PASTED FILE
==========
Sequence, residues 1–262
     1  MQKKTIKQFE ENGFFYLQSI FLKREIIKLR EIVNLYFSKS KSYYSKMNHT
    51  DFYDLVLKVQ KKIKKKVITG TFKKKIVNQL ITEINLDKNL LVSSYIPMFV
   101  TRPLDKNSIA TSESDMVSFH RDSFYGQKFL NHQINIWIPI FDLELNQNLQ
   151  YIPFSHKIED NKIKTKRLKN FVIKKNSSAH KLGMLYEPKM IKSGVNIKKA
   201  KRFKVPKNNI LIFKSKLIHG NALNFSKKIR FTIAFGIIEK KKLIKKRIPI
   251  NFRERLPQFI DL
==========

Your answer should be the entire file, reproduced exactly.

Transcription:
Sequence, residues 1–262
     1  MQKKTIKQFE ENGFFYLQSI FLKREIIKLR EIVNLYFSKS KSYYSKMNHT
    51  DFYDLVLKVQ KKIKKKVITG TFKKKIVNQL ITEINLDKNL LVSSYIPMFV
   101  TRPLDKNSIA TSESDMVSFH RDSFYGQKFL NHQINIWIPI FDLELNQNLQ
   151  YIPFSHKIED NKIKTKRLKN FVIKKNSSAH KLGMLYEPKM IKSGVNIKKA
   201  KRFKVPKNNI LIFKSKLIHG NALNFSKKIR FTIAFGIIEK KKLIKKRIPI
   251  NFRERLPQFI DL